The relationship between farm size and productivity has always caught the attention of educated and well-read agriculturists, in general, and researchers, in particular. There is a good amount of literature on farm size and productivity in smallholder agriculture as well as big holder agriculture in India, especially post-green revolution period. The research findings and the results from a linear programming farm-household model together with the series of farm survey data provide confirmation for a positive relationship between farm size and productivity in both land-scarce smallholder and labour-scarce smallholder farming in many countries during the 1980’s.
Disasters, calamities and failures in land, capital and goods markets with severe capital constraints, which affect both capital and labour inputs on smaller farms explain the nonappearance of an inverse relationship between farm size and productivity (Dorward, 1999). The changes in the land, capital and goods markets which have their impact on the factors of production explain the variations in the relationship between farm size and productivity.The inverse relation between farm-size and productivity does not reflect a supremacy of farmer production over wage-labour-based production. It is exclusive of production relations and therefore reveals only a static superiority of small‐scale production over large scale production. An essential prerequisite for this superiority, however, is technological backwardness. With the onset of technological growth and progress encompassing the introduction of chemical fertilizers, labour-saving technology and modern irrigation tools, the inverse relationship is, for that reason, likely to vanish (Ghose, 2007).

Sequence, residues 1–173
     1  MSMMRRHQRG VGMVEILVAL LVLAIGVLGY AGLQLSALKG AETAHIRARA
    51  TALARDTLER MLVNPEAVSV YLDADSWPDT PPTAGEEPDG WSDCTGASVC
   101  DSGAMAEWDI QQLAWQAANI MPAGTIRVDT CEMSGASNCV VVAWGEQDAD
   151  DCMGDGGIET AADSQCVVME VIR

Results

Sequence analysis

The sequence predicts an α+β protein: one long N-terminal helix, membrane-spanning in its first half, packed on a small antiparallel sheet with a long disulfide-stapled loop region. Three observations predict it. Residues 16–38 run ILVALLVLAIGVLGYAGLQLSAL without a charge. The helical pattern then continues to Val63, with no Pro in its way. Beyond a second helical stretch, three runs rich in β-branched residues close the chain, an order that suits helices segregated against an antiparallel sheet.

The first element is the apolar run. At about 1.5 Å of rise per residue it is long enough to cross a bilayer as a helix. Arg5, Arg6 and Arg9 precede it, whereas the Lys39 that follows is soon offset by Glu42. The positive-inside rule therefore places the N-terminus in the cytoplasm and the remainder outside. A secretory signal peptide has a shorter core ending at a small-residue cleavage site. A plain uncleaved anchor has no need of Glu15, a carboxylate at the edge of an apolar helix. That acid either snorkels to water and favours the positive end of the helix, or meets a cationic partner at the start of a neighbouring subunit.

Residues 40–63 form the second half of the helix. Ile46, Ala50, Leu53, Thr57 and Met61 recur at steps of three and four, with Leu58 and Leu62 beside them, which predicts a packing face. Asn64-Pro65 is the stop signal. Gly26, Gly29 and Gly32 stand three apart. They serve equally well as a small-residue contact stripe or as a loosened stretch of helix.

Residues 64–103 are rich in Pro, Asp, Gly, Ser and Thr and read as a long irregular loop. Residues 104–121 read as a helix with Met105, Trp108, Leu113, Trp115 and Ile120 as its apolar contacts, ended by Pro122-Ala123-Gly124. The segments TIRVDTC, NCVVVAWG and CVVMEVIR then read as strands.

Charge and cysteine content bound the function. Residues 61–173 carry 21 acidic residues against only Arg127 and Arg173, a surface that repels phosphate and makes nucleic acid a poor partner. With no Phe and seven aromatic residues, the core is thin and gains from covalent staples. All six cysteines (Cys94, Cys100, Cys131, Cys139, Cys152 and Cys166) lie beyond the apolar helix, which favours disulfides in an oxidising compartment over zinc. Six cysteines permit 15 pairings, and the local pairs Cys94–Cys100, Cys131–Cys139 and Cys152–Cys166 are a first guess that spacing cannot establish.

The activities or forms of land ownership or size of land holdings and the nature of relationships among landowners and land tenants are the heart and soul of the social or institutional structure of Indian agriculture (Qadri, 2018) in general and farm-size and productivity debate in particular. The activities are undertaken in the agricultural sector and the trends and patterns of land ownership in a given society is a historical cum evolutionary process. As a matter, of course, those who are the landowners command a substantial degree of power and esteem in the rural social construction and setting. It is these series of relationships among the landowners and those who provide various forms of services to the land-owning classes that we call the agrarian class structure (Dhanagare, 1983) which has a significant bearing upon the nature of the relationship between farm size and productivity. It is not wrong to say that the interactions and associations between landowners and land tillers encompass the agrarian class structure which in turn affect the bond between farm-size and productivity.